Civil rights groups seeking to block the Trump administration's policy of returning asylum seekers to Mexico had met basic requirements to bring their case, a judge said Friday, but he appeared skeptical of one of their key arguments to show the practice is illegal.
Judge Richard Seeborg did not immediately issue a ruling at the end of a hearing to help him decide whether to put the policy on hold while a lawsuit challenging it moves forward.
The policy that began in January at the San Ysidro border crossing in San Diego marked an unprecedented change to the U.S. asylum system. Families seeking asylum are typically released in the U.S. with notices to appear in immigration court.
The administration later expanded the policy to the Calexico port of entry, about 120 miles east of the San Ysidro crossing.
The lawsuit on behalf of 11 asylum seekers from Central America and legal advocacy groups says the administration is violating U.S. law by failing to adequately evaluate the dangers that migrants face in Mexico.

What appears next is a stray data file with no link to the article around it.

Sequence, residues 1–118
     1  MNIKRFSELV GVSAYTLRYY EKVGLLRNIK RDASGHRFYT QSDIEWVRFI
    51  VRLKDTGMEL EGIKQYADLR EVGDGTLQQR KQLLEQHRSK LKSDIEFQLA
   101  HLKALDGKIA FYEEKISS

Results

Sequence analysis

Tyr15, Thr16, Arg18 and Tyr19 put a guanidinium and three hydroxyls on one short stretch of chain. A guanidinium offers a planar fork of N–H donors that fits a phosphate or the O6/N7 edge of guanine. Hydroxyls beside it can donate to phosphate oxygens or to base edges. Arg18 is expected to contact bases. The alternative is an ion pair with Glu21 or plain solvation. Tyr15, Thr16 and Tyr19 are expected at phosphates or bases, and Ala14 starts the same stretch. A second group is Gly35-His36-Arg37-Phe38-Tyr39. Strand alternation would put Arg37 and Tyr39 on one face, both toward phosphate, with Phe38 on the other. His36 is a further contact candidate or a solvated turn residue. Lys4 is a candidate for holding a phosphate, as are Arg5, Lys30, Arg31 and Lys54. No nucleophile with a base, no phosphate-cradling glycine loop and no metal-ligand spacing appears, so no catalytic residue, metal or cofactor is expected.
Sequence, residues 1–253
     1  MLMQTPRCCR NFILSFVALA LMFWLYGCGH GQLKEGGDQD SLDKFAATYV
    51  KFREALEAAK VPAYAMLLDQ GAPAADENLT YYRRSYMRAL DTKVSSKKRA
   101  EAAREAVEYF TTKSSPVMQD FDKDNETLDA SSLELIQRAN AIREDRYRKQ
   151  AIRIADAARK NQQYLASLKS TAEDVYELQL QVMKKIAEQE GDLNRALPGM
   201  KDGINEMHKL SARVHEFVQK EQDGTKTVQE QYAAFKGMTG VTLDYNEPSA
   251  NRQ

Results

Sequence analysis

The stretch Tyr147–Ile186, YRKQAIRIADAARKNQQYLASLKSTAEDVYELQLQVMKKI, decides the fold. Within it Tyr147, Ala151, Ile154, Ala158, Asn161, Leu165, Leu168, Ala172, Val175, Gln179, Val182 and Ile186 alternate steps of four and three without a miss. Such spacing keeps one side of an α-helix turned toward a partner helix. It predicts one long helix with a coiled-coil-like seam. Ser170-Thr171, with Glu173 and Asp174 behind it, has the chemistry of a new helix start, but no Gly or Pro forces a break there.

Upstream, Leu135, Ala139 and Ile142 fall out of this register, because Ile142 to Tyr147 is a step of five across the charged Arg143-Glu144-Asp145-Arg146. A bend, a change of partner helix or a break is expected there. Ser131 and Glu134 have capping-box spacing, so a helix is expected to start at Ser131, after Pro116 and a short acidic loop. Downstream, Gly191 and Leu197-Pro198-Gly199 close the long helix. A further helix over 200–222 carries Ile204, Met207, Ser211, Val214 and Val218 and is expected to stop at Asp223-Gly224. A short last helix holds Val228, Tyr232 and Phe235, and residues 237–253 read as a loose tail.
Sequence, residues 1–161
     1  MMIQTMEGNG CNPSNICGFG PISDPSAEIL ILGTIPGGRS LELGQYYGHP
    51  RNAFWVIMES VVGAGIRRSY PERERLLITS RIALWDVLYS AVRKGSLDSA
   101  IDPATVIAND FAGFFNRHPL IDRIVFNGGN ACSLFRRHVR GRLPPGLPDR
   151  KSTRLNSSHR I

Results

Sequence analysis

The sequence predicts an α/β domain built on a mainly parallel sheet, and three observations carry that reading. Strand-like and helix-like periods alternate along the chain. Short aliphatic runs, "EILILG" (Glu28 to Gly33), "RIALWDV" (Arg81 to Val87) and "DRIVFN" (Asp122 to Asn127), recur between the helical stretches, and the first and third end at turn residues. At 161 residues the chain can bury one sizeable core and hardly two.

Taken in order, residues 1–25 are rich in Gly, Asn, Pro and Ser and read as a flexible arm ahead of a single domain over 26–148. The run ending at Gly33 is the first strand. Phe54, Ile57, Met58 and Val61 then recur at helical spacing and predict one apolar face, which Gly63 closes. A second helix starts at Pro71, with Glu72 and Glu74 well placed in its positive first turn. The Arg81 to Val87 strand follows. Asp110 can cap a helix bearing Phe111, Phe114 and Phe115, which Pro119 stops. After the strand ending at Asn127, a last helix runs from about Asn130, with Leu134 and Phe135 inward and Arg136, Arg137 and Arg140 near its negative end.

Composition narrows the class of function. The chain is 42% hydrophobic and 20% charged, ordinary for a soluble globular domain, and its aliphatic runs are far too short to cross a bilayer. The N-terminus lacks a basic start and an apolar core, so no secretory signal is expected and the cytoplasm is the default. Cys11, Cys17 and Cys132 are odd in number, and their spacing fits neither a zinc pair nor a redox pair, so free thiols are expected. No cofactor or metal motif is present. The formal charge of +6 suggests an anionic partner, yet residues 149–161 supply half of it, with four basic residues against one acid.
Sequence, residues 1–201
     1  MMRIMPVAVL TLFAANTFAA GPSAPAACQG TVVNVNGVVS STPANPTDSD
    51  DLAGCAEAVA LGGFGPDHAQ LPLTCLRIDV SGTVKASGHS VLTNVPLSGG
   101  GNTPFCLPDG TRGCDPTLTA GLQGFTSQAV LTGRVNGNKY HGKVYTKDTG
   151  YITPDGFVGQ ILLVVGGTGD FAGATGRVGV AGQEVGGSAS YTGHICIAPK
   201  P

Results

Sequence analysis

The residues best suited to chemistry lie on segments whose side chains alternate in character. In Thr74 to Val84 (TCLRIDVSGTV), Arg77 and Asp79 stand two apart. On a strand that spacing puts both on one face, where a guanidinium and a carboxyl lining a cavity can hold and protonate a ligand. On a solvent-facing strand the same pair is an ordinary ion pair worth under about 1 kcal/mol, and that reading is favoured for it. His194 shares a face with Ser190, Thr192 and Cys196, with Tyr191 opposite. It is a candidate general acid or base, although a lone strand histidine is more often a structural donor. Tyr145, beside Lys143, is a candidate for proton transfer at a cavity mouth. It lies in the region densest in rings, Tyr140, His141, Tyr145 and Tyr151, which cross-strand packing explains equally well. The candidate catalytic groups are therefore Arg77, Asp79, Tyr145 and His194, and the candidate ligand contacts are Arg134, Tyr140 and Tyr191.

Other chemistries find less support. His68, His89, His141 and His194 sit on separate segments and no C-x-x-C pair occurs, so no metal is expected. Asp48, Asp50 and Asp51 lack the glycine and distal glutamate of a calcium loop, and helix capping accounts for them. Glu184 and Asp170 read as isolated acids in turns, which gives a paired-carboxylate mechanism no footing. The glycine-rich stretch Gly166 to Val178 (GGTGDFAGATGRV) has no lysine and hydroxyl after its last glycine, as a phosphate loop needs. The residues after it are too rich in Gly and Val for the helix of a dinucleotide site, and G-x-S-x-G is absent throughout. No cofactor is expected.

Seeborg said the plaintiffs had authority to bring the case and the court could hear it. But he questioned an argument that the policy violated a U.S. law that allows the return of immigrants to Mexico.
The administration has cited that law as authority for change in the asylum system. The American Civil Liberties Union and other groups said that law does not apply to asylum seekers who cross the border illegally or arrive at a port of entry without proper documents.
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They also accuse Homeland Security and immigration officials of depriving migrants of their right to apply for asylum by making it difficult or impossible to do so.
"Instead of being able to focus on preparing their cases, asylum seekers forced to return to Mexico will have to focus on trying to survive," according to the lawsuit filed in February by the American Civil Liberties Union, the Southern Poverty Law Center and the Center for Gender & Refugee Studies.
The Trump administration hopes that making asylum seekers wait in Mexico will discourage weak claims and help reduce an immigration court backlog of more than 800,000 cases.
The Justice Department said in court documents that the policy "responds to a crisis of aliens, many of whom may have unmeritorious asylum claims, overwhelming the executive's immigration-detention capacity, being released into the U.S. to live for many years without establishing an entitlement to relief, and often never appearing for immigration proceedings."
Border Patrol arrests, the most widely used gauge of illegal crossings, have risen sharply over the last year but are relatively low in historical terms after hitting a 46-year low in 2017.
The policy followed months of delicate talks between the U.S. and Mexico. Mexicans and children traveling alone are exempt from it.